Photo by Anna Reavis
“But just hearing music, even the saddest sort of song, lets you know you’re not all of every way alone, that someone else has known the likesomeness of what you have.” Laurel Shelton
It’s been a long time since I’ve thought to wish I could talk to my mama. The Cove, by Ron Rash, made me wish just that. The truth in the cadences of the old speech, the speech of my grandparents, makes me miss them and by extension her. I'd forgotten how much I miss those voices, the voices of my past.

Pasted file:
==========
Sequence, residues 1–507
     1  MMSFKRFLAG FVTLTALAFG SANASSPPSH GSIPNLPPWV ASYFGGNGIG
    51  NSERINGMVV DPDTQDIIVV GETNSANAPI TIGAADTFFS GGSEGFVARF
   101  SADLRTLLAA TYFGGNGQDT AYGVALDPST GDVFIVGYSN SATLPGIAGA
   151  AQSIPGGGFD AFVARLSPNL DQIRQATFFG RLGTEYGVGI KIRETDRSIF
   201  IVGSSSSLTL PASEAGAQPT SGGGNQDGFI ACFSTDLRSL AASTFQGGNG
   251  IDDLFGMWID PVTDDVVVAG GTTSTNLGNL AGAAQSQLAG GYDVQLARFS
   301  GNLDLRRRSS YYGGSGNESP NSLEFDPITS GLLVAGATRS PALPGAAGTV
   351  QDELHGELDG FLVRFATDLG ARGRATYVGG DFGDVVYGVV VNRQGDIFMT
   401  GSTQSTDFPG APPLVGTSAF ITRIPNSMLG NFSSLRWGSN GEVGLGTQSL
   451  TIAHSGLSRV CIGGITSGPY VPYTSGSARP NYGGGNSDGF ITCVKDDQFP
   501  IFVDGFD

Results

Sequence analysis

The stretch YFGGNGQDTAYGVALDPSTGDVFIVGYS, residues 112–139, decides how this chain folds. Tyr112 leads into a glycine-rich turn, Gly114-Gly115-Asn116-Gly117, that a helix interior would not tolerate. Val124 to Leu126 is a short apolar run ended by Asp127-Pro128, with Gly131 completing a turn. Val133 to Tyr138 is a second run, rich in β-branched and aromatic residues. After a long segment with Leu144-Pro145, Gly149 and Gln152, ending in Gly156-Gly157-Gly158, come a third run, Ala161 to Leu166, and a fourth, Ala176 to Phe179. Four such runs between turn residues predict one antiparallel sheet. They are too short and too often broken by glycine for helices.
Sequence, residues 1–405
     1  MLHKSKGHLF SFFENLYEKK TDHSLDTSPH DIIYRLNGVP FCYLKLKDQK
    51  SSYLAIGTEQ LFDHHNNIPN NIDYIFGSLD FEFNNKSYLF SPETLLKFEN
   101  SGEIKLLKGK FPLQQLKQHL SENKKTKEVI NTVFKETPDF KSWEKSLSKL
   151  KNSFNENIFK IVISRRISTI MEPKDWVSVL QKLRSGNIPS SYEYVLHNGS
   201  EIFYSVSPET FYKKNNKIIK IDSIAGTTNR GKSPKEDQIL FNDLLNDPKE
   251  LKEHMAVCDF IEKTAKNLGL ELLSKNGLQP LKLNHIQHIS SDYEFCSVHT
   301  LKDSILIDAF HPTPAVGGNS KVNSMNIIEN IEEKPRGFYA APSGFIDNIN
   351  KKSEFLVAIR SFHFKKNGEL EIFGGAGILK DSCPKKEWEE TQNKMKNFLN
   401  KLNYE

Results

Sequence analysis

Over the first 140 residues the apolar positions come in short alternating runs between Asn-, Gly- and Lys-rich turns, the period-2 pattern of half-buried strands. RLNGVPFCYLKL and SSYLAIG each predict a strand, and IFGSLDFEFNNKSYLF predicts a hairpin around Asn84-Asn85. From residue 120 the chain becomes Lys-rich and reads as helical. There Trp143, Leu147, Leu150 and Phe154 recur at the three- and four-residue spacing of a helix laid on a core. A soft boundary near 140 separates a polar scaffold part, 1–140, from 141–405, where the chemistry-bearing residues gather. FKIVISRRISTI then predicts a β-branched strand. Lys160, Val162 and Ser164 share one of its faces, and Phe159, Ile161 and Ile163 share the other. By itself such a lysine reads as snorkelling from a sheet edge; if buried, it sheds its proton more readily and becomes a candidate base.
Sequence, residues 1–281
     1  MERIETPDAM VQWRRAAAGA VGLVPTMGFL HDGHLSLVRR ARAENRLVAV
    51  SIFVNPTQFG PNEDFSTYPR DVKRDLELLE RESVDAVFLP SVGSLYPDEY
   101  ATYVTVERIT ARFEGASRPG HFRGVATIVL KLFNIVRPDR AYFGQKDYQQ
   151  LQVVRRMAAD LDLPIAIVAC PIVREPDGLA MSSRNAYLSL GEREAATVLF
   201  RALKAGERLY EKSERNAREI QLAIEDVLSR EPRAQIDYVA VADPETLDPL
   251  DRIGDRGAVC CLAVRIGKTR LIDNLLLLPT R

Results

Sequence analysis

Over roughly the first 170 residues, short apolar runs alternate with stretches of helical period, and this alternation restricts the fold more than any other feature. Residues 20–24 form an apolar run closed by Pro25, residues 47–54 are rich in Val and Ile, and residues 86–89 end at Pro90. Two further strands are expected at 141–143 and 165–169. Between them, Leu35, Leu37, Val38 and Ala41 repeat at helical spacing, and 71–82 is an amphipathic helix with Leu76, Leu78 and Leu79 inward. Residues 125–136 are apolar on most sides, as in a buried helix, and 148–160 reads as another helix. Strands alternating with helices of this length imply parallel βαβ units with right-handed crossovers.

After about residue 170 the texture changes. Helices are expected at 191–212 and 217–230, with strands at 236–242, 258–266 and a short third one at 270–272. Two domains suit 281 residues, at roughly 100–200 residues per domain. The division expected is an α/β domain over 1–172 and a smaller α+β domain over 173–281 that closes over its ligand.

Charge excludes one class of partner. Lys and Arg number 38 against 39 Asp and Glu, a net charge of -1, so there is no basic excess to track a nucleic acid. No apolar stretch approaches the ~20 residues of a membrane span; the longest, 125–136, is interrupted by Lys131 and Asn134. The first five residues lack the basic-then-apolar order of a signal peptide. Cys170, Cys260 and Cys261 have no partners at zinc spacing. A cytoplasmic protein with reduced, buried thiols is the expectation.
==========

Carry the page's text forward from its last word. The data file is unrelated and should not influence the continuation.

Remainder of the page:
Of all the themes in The Cove, the one that resonates most with me is Laurel Shelton’s determination to overcome all the hate, prejudice, and ostracism leveled at her in a community I know well, figuratively speaking. As I read, I thought about people I know who have suffered. There is a depth, a complexity, a complication, in them all. There are no easy answers; there is no ease. Having lived through hard times can make you feel untouchable, above the everyday, even above the people around you. But the truth is we are all of the earth; we are all bound by gravity to the dirt under our feet. You have to learn to live in the midst of humanity: sweltering, stinking, hateful, and glorious as we all are. You learn to make your life what you want it to be, without regard for your pain. And that is exactly what Laurel Shelton does. She takes every bad turn given her, moves on, and turns hope into life, however briefly. This is the story of a life bravely lived, even though Laurel probably would have been too humble to realize it. Bravery of the everyday kind is often the hardest to come by.